DC Vertigo

If this issue shows anything, it's that Bill Willingham really does have an unfaltering direction for how this book develops. Last issue introduced us to Rodney and June, two animated Wooden Folk residing in the Fable's Homelands and who also happen to be in love. Rodney and June intend to become flesh so they can fully express that love, but they can't afford the attention brought to them over it so they secretly make their way to Father Geppetto's in order to do so. He agrees, but at a cost. Rodney and June become flesh, but they also become spies for the Adversary as they are sent to the mundy world to live alongside the exiled Fables and report on them. They've also apparently been at it for quite a few years, being observers to the same events of Fabletown as we have since the series' inception. And with that Willingham takes what looks on the outside to just be a "throwaway tale" and turns it into a very important plot point that can and will have huge ramifications on the series. Plus it looks pretty cool under Jim Fern's guest pencils. And it's funny to boot! Just another example of great writing and great planning from a great book. - Humphrey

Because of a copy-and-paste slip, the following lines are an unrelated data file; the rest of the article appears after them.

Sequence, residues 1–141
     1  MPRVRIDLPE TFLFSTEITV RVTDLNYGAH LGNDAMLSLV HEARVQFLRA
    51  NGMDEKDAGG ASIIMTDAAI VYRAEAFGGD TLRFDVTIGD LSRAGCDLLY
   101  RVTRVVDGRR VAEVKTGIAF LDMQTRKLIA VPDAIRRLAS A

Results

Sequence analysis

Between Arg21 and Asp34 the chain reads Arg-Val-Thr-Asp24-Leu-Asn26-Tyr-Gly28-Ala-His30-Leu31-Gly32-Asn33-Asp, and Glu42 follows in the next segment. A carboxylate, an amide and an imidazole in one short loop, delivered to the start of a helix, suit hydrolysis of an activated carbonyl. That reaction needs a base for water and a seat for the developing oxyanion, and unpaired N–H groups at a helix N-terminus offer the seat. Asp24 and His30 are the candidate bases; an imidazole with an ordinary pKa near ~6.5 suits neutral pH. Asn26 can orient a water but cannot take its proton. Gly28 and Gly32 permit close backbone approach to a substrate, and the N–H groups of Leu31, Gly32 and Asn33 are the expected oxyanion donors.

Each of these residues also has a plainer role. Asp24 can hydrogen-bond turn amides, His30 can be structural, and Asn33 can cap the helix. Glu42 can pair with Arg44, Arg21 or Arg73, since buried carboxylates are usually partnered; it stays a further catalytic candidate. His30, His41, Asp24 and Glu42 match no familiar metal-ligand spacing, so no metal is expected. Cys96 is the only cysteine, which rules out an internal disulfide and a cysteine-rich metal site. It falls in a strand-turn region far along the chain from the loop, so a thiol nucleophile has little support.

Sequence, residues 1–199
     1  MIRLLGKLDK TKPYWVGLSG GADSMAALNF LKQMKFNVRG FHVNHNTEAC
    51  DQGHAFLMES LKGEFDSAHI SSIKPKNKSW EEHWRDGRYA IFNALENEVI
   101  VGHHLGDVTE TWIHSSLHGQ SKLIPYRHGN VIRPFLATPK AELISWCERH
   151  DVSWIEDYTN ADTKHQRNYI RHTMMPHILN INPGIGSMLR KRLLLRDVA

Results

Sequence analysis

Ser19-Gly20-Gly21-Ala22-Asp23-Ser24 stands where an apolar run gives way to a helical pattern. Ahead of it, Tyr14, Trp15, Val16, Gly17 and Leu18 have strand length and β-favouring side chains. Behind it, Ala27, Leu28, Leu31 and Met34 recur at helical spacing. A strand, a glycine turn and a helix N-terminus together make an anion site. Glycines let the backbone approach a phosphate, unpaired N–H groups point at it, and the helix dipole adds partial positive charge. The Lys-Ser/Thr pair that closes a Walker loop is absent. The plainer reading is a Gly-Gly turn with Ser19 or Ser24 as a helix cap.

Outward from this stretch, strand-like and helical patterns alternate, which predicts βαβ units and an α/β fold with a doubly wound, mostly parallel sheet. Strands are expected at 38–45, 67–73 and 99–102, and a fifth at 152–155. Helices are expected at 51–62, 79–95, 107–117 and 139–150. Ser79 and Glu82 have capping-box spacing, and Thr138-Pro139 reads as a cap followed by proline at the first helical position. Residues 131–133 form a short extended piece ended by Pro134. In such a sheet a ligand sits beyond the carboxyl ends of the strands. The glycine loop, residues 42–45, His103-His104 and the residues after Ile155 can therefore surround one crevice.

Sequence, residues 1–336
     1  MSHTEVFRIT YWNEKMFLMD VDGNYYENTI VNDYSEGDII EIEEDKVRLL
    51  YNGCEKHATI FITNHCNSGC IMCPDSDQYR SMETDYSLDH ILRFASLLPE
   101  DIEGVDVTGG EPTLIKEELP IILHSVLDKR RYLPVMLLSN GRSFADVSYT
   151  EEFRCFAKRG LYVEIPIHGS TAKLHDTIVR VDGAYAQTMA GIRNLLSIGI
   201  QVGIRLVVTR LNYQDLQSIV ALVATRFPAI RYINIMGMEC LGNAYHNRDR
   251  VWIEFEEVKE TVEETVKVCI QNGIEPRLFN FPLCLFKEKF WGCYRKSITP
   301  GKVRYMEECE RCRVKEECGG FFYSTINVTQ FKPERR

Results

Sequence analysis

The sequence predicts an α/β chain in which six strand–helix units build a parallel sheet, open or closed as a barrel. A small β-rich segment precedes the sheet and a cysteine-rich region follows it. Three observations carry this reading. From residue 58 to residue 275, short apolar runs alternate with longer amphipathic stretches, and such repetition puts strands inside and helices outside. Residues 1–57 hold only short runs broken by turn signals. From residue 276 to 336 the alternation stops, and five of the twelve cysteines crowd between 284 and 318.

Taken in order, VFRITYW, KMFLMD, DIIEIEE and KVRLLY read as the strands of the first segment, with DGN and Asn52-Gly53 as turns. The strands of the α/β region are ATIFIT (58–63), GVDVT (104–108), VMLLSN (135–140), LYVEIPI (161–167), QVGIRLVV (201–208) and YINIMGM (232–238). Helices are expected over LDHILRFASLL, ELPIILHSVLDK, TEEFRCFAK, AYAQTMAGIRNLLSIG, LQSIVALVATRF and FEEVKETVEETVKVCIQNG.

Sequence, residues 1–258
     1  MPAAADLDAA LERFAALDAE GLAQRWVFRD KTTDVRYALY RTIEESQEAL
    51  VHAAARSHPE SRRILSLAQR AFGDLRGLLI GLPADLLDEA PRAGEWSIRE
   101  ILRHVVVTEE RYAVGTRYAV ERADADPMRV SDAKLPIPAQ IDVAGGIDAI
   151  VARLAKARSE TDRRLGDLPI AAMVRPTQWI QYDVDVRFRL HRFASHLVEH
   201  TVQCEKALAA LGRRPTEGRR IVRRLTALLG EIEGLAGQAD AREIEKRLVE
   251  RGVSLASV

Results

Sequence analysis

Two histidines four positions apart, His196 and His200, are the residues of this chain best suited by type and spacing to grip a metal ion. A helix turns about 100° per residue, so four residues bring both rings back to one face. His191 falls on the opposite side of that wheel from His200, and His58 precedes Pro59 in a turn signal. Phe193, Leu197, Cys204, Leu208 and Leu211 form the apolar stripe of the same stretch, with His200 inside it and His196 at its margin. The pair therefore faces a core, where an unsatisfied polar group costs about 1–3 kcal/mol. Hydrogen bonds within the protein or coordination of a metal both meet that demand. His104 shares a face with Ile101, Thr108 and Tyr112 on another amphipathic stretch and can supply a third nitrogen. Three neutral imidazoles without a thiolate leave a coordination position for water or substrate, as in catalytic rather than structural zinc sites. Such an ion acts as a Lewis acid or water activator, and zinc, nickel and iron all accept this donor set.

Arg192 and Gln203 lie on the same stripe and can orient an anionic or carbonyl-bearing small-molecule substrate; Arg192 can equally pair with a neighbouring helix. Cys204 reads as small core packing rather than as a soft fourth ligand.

Marvel Comics